THE CRANE WIVES
In Japanese folklore, the crane wife is a bird disguised as a woman who spins fine silks from her own feathers, until her identity is discovered. The Crane Wives spin fine songs from whole cloth, and you will never want the melodies to leave your head. From murky origins in Chinese restaurants, high school ska bands, and dorm room jam sessions, the band came together in 2010 in Grand Rapids, Michigan, and immediately began gathering a following with intricate melodies, sister-harmonies, and compelling songcraft. Initially part of the indie folk boom, their sound has grown and broadened with each new recording till categorization becomes difficult: rock, pop, folk? Just call it really good music. Audiences and critics agree: seven "Jammie" awards from influential radio station WYCE in '11, '12, '16 and '17; winner of Best Folk/Country song from international competition ArtPrize for "Easier" in '12; and selection as one of ten "Entries We Loved" from the renowned NPR Tiny Desk Contest for "High Horse" in '17. Kate Pillsbury: guitars, vocals, a twinkle in her eye that tells you she sees through your BS but chooses to be amused by it. Emilee Petersmark: guitars, banjo, vocals, boots that will stamp out injustice wherever it may lurk. Ben Zito: bass, occasional howls, secret production weapon. Dan Rickabus: drums, harmony vocals, engineering, relentless and frankly exhausting levels of positivity. Four albums released to date: "Safe Ship, Harbored" (2011), "The Fool In Her Wedding Gown" (2012), "Coyote Stories" (2015), and "Foxlore" (2016), plus a series of new singles in 2017, all available on iTunes, Spotify, Amazon, Google Play, Bandcamp, CDBaby, and hell, even Myspace. If you want to hear about love, life, fear, hope, pain, and the occasional natural disaster, this band, and these songs, are for you.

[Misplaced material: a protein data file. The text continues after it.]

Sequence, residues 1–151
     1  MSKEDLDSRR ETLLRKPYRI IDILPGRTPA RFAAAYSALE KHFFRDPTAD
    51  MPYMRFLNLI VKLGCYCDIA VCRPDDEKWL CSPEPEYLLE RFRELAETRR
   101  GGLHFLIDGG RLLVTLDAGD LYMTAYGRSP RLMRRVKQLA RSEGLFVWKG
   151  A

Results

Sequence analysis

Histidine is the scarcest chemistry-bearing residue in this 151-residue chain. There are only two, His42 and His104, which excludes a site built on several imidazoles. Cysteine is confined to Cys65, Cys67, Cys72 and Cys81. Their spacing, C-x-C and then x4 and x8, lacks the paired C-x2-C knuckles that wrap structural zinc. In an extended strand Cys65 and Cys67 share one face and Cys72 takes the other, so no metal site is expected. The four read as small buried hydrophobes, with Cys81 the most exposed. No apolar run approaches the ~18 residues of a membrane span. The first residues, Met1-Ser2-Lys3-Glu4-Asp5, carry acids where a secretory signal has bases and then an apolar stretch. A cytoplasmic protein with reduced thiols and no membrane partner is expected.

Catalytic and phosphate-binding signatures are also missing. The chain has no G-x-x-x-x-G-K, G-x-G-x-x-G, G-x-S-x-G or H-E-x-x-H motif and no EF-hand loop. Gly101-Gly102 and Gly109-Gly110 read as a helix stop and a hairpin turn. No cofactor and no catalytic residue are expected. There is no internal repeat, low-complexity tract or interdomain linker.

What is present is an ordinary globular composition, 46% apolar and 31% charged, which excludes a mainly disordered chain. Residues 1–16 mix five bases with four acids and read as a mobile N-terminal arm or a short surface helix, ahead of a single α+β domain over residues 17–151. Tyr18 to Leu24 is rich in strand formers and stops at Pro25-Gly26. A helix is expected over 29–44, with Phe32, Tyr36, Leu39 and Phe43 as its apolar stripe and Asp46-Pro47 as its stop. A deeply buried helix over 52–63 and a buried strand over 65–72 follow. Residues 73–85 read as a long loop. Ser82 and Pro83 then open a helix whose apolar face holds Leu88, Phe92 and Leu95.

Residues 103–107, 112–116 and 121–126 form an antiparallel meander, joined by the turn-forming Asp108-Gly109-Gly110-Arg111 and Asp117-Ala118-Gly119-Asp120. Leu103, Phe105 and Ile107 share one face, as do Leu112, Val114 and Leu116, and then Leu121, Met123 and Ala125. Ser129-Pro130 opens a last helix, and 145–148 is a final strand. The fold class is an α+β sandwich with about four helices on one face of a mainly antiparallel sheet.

Tom Evanchuck has been playing music since a child. Presently, whether it's him on an acoustic or with his band The Old Money, he turns heads. He belts like a midwestern Otis Redding and croons on guitar like a hybrid Neil Young Leadbelly student. That is the the charm in Tom Evanchuck, he is truly talented and never forgets to cite his sources. Pays credit to the greats while respectfully finding his own voice in the broad and vast American music sound. Now with The Old Money, his voice cuts through a blend of blues, soul and americana rock created by his unique guitar style, Patrick Jenkins' tasteful baselines and Anthony Evanchuck's heartbeat drumming.